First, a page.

Ultrasonic Cleaners for DIY Liposomal Vitamin C

An ultrasonic cleaner for making liposomal encapsulated vitamin C

An ultrasonic cleaner for making liposomal encapsulated vitamin C

Liposomal encapsulated vitamin C has received great press due to the reported high efficiency of absorption in the body vs. taking vitamin C pills or administering it intravenously.  These points are covered in several YouTube posts on the web along with recommendations on how to produce it at home. 

Because ultrasonic cleaners figure prominently in the do-it-yourself recipes we at Tovatech get inquiries on the correct ultrasonic equipment to use.   In this application the cleaners are not “cleaning” but use ultrasonic cavitation to encapsulate ascorbic acid within liposomes.  Encapsulation improves the bioavailability of the vitamin C in your body.   

We’ll not go into detail on the recipe other than to state it contains lecithin (non GMO recommended) to serve as the lipid and ascorbic acid as the vitamin, separately dissolved in distilled water then thoroughly mixed in a high speed blender.   It is then processed in the ultrasonic equipment for a length of time based on the recipe. 

Ultrasonic Equipment Details

Cavitation is the creation of minute bubbles produced by ultrasonic transducers powered by the unit’s generator.  In a cleaning operation they implode on surfaces to remove contaminants.  Here, as noted above, they encapsulate the vitamin C with liposomes.

Certain ultrasonic cleaner details apply to the process, others do not.  For example, heating the mixture is not required.   Therefore you do not need to invest in equipment with enough power to operate a heater.  The amount of power required to perform the cavitation depends on the capacity of the equipment and is generally expressed as watts per gallon.   Most cleaners run at an average power of 50 to 100 watts per gallon. This is generally expressed as effective or average ultrasonic power.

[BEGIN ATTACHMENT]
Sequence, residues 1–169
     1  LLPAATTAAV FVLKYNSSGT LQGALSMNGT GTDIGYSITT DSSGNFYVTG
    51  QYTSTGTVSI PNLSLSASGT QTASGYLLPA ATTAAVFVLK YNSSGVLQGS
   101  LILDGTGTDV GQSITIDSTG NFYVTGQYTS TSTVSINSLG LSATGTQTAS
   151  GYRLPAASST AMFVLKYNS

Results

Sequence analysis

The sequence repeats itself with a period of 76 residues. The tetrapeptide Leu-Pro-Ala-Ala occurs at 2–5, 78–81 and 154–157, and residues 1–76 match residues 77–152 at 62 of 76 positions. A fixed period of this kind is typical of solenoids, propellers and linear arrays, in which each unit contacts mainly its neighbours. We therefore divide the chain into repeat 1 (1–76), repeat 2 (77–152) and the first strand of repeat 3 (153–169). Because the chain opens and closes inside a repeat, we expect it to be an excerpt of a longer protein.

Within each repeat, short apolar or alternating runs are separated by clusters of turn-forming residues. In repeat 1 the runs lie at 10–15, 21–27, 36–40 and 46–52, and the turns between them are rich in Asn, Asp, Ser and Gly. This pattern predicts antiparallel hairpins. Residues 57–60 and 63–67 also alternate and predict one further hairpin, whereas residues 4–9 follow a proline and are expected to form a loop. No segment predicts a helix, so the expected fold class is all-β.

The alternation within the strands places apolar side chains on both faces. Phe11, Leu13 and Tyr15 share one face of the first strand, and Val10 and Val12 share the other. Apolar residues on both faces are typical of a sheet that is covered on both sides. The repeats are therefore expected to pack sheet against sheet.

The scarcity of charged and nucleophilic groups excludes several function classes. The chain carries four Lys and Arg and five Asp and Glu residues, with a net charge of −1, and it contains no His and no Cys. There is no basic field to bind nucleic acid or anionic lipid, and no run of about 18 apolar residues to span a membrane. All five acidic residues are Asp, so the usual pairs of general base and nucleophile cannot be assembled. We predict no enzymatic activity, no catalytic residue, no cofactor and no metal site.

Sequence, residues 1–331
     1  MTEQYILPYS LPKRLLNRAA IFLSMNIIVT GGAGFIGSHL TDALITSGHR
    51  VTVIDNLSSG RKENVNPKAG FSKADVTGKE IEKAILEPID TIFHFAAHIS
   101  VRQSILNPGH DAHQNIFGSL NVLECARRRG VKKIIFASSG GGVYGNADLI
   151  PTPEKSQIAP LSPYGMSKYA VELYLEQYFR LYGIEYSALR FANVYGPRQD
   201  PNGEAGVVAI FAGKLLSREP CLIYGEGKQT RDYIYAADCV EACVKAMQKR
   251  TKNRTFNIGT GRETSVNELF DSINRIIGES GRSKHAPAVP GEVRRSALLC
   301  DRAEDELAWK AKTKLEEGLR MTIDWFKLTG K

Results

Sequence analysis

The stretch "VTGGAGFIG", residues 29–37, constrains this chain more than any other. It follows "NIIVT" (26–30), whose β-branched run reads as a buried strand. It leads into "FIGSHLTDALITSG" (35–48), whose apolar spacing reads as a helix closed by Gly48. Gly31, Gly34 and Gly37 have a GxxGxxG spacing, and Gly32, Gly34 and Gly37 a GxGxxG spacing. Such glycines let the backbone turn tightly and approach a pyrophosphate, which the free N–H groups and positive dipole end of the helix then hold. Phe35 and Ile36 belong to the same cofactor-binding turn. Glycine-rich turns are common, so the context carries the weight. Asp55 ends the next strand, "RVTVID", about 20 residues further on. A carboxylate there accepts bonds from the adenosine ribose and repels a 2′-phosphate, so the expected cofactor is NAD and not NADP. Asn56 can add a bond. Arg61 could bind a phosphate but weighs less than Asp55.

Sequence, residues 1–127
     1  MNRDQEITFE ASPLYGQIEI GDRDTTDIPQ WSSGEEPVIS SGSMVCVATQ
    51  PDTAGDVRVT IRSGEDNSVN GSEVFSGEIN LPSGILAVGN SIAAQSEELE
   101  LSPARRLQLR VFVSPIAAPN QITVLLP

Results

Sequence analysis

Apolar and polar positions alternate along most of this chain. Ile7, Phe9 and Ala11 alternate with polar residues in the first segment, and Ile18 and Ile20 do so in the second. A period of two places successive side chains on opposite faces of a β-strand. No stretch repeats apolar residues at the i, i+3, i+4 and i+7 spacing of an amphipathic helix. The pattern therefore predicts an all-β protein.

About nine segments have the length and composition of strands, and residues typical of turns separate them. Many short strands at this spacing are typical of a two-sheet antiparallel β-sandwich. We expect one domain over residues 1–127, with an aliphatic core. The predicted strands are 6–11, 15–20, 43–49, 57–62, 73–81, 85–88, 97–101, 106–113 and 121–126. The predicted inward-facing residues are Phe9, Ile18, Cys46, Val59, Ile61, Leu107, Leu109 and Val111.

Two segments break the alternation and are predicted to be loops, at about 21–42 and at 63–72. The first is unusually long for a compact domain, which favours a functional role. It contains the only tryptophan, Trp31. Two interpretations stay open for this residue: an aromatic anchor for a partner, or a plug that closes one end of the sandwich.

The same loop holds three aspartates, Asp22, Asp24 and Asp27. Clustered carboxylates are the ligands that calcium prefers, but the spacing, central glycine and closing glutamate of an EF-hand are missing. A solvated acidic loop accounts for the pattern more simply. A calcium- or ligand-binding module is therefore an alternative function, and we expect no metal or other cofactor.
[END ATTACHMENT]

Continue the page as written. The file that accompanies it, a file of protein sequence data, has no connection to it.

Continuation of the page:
So the choice of power depends on the amount of liposomal encapsulated vitamin C you want to make in a batch, keeping in mind that it has a limited shelf life in the refrigerator – approximately 30 days according to one post.  If you have a large family and they each take two tablespoons a day that helps answer your question. 

Ultrasonic frequency is another criterion.  It is measured in kilohertz (kHz) or thousands of cycles per second.  A frequency of 35 kHz should do the job nicely.

Consider a machine with a timer that will shut the unit off when the processing time has elapsed.

Equipment Maintenance

After you’ve emptied your blend into a sealable glass jar take the time to thoroughly clean the equipment according to the manufacturer’s instructions.  Abrasive cleansers should never be used.

Contact the ultrasonic experts at Tovatech for suggestions on the equipment to use if you are making liposomal encapsulated vitamin C in your kitchen.

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    About Bob Sandor

    Bob began working as a chemist in 1987 and remains a science geek to this day. After his PhD he worked on the bench in materials and inorganic chemistry for 10 years. He then took on a love for marketing and sales. He combined his passion for science and business and took entrapreneur general management positions in large corporations like Hoecsht Celanese now Sanofi Aventis, Bel-Art and Smiths Detection. There he learned what it would take to run a business and finally Tovatech was co-founded in 2006. Bob’s hobbies include playing, listening and composing music, skiing, working out, the internet and all things science.